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July 20, 2017 1:51 pm

After Dyke March Scandal, SlutWalk Chicago Bans ‘Zionist Displays’ From Upcoming August Protest

avatar by Ben Cohen

A Palestinian flag flies at Chicago’s 2017 Dyke March, where Jewish participants were excluded. Photo: Screenshot.

After the scandal involving the ejection of Jewish women carrying Star of David pride flags at Chicago’s Dyke March on June 28, a sister organization in the city has announced that it will follow suit by banning “Zionist displays” from its upcoming protest against sexual violence and “rape culture.”

The ban was announced this week on social media by the organizers of SlutWalk Chicago — part of an international protest movement that “fights rape culture, victim blaming, and slut shaming.” The Chicago event is set to take place on August 12.

“We still stand behind Dyke March Chicago’s decision to remove the Zionist contingent from their event, & we won’t allow Zionist displays at ours,” the organizers tweeted last Sunday — beginning several days of exchanges with other users over the policy. These were distinguished by the organizers’ continued insistence that anti-Zionism is a legitimate progressive belief, and that any linkage with antisemitism should be dismissed as a discrediting tactic.

In one exchange defending the Dyke March decision to exclude the Jewish women, the SlutWalk organizers aggressively justified the action, declaring: “They were kicked out after a discussion where they made their Zionist beliefs known and refused to back down.”

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The Star of David flag was banned, they continued, “because its connections to the oppression enacted by Israel is too strong for it to be neutral & IN CONTEXT it was used as a Zionist symbol.”

Many of the exchanges underscored the degree to which “Jewish Voice for Peace (JVP)” — a Rockefeller Brothers Fund-backed organization that promotes the BDS campaign against Israel among American Jews — is involved in enforcing the exclusion of “Zionist” individuals and groups from the protest movement.

Both the Dyke March and SlutWalk Chicago have referred to their relationships with JVP in order to justify the exclusion policy, with the Dyke March praising one the organization’s representatives in Chicago for assisting them in expelling the Jewish women. In another Twitter post, SlutWalk Chicago described “Jewish Voice for Peace” as a “Jewish initiative” that attracts the support of “other radical Chicago organizations.”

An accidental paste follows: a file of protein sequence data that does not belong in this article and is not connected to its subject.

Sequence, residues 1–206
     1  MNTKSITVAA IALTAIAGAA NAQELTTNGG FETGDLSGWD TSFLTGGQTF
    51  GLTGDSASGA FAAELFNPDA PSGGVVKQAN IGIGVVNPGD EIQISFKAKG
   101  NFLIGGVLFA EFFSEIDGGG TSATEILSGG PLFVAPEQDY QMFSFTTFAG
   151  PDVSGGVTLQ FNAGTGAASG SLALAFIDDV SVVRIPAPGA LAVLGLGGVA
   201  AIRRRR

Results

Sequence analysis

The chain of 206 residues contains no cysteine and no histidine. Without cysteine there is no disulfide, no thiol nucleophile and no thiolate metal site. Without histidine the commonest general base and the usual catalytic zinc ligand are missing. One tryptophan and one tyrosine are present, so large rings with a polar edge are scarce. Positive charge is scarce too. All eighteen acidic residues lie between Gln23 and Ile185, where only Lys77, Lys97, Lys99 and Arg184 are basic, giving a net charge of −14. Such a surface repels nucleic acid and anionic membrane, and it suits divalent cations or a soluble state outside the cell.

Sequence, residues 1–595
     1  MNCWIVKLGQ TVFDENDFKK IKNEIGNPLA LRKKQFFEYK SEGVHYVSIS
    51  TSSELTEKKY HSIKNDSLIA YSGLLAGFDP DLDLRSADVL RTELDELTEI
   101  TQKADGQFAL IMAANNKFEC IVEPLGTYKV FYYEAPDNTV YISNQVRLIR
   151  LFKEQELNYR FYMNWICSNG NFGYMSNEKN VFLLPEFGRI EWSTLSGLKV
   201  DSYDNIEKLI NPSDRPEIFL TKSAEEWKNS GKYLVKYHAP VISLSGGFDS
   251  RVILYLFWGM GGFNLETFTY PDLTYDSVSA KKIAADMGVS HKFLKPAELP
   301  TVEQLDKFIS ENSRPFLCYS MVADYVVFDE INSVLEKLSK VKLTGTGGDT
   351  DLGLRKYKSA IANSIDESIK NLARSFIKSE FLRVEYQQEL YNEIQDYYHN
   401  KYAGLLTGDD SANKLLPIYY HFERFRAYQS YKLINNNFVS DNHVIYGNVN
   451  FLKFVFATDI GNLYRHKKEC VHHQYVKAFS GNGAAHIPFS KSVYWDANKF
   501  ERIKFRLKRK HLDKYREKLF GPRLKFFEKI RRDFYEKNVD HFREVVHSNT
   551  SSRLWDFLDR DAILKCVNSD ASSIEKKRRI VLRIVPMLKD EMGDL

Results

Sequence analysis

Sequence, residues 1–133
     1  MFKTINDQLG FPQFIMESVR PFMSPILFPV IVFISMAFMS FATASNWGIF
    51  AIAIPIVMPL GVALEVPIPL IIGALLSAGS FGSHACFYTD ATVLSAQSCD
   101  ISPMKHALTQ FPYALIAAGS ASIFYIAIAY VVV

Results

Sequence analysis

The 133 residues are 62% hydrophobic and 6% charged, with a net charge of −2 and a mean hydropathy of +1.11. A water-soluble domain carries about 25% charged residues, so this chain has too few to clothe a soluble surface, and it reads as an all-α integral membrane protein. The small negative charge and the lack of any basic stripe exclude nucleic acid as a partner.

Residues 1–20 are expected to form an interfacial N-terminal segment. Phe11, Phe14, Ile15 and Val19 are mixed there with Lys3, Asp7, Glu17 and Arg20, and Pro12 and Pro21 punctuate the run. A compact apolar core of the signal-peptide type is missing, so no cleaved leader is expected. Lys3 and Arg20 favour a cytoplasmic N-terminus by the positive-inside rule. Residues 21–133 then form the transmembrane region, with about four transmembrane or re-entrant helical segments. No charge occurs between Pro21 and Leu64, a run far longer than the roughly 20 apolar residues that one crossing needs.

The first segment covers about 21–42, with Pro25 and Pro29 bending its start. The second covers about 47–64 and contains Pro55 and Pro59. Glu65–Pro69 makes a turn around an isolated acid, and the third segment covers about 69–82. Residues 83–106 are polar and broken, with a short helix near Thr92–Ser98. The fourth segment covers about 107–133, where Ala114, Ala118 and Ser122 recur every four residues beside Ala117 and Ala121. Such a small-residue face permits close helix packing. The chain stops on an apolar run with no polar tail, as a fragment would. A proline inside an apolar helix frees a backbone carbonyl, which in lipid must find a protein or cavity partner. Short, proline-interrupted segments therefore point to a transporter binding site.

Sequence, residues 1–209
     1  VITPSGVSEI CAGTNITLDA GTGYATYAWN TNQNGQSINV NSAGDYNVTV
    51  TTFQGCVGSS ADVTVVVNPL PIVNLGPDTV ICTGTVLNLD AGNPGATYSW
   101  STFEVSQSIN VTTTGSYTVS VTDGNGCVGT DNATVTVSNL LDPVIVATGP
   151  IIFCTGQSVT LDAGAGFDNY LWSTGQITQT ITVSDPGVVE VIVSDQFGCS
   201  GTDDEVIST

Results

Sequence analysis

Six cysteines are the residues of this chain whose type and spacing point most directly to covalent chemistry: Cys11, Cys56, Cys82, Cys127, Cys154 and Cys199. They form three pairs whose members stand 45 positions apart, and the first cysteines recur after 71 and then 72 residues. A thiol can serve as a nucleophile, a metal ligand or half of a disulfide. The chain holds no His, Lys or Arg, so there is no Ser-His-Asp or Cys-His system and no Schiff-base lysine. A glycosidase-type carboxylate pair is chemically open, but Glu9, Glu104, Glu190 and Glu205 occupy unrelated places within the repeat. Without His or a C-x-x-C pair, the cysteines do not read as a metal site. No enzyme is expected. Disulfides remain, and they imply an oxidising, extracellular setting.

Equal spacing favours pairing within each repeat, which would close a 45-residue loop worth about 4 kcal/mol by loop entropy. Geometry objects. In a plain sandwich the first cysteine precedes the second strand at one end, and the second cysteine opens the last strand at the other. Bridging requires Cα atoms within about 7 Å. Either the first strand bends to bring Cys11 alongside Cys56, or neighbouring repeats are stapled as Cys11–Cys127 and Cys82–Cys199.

new report on JVP issued on Wednesday by the Anti-Defamation League (ADL) observed that in recent months, the group “has taken increasingly radical positions and has employed questionable tactics in pursuit of its mission to diminish support for Israel.”

JVP’s tactics, the ADL said, include harassment of pro-Israel LGBTQ activists — as evidenced at the Chicago Dyke March and at the Celebrate Israel rally in New York on June 4.

“It is perfectly legitimate to criticize Israeli policies,” the ADL commented. “But JVP’s single-minded desire to paint Israel as a source of racism and violence has led it far beyond legitimate criticism of Israel.”

“JVP has also turned on American Jews who are not deemed supportive enough of JVP’s agenda,” the ADL warned.

Gretchen Rachel Hammond — the Chicago journalist who broke the story of the exclusion of the Jewish women and was subsequently suspended from reporting duties by her employer, the Windy City Times, as revealed by The Algemeiner — said on Thursday that the SlutWalk organizers’ announcement was further evidence of  “jumping on the anti-Zionist bandwagon” among rights advocates who were never involved with Middle Eastern conflicts in the past.

“I covered the Dyke March and the SlutWalk for three years,” Hammond said in an interview. “They were characteristically Chicago marches, courageous and taking the issues on in a direct manner. Like rape, the treatment of transgender people by the police, women’s imprisonment, the legalization of sex work that helps people survive. I never saw any anti-Zionism.”

Hammond said she was concerned that “by doing this again, they will exclude people who are allies.”

“We are fighting for these causes in a tough society, and if you’re a transgender person, you need all the allies you can get,” she asserted. “If your allies are only those who are ideologically acceptable to you, then your message will be weakened.”

Hammond also talked about the personal cost of resisting anti-Zionist orthodoxies in the current climate. In the wake of her report and subsequent suspension, she received several threatening messages. Hammond said she also incurred the disapproval of colleagues when she “argued fiercely” that the Windy City Times should give equal space to post-march statements from the Dyke March Collective and pro-Israel LGBTQ group A Wider Bridge — on this as well, she was overruled.

“This was the first time in four years of journalism I’d been attacked in such a coordinated way and I retreated into self-blame and self-doubt,” she said.

“I know that being attacked as a journalist is an occupational hazard, but it’s one thing if you’re taking it from opponents, and quite something else when it comes from a community to whom you have dedicated your life,” Hammond reflected.

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